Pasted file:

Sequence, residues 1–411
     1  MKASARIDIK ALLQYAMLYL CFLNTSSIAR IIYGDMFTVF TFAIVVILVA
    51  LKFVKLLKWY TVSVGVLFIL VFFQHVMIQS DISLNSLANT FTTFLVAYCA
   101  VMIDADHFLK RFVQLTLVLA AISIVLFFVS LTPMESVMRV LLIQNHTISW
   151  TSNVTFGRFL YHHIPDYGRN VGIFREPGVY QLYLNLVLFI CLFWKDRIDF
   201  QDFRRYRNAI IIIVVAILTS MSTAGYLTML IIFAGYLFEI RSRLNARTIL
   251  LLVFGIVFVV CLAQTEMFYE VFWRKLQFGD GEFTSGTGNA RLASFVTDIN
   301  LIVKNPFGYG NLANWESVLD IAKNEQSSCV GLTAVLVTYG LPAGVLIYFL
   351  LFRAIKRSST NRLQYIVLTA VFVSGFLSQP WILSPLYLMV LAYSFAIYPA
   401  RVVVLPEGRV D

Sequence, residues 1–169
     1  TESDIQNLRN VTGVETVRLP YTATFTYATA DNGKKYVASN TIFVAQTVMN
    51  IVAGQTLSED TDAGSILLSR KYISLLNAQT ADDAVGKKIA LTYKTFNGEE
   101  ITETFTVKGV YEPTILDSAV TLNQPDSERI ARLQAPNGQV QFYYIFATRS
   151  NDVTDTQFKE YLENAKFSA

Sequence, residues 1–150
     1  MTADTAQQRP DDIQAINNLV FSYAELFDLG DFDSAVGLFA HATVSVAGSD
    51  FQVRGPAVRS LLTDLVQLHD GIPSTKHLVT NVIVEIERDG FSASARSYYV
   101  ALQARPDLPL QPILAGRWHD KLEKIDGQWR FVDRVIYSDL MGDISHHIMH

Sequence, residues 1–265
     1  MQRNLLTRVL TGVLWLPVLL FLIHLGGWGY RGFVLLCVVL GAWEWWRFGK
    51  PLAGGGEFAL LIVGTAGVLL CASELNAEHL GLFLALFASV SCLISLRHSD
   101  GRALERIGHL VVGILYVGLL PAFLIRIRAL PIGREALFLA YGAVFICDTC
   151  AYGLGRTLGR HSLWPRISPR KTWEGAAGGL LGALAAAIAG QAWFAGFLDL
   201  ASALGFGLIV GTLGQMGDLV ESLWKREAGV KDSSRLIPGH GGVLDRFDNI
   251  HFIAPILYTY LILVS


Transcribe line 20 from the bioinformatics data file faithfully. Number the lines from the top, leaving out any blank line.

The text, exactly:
Sequence, residues 1–265